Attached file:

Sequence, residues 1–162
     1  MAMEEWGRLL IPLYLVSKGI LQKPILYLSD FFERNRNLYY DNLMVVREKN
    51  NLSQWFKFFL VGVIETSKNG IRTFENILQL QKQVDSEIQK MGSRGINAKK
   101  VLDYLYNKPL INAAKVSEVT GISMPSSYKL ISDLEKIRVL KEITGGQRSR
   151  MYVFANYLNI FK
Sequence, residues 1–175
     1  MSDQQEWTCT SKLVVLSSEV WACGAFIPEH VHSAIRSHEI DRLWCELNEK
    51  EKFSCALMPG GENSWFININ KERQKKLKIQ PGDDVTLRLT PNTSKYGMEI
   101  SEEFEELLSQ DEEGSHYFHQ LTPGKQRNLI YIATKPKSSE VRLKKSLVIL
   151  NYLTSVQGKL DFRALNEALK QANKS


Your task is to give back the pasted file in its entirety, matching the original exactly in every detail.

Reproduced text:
Sequence, residues 1–162
     1  MAMEEWGRLL IPLYLVSKGI LQKPILYLSD FFERNRNLYY DNLMVVREKN
    51  NLSQWFKFFL VGVIETSKNG IRTFENILQL QKQVDSEIQK MGSRGINAKK
   101  VLDYLYNKPL INAAKVSEVT GISMPSSYKL ISDLEKIRVL KEITGGQRSR
   151  MYVFANYLNI FK
Sequence, residues 1–175
     1  MSDQQEWTCT SKLVVLSSEV WACGAFIPEH VHSAIRSHEI DRLWCELNEK
    51  EKFSCALMPG GENSWFININ KERQKKLKIQ PGDDVTLRLT PNTSKYGMEI
   101  SEEFEELLSQ DEEGSHYFHQ LTPGKQRNLI YIATKPKSSE VRLKKSLVIL
   151  NYLTSVQGKL DFRALNEALK QANKS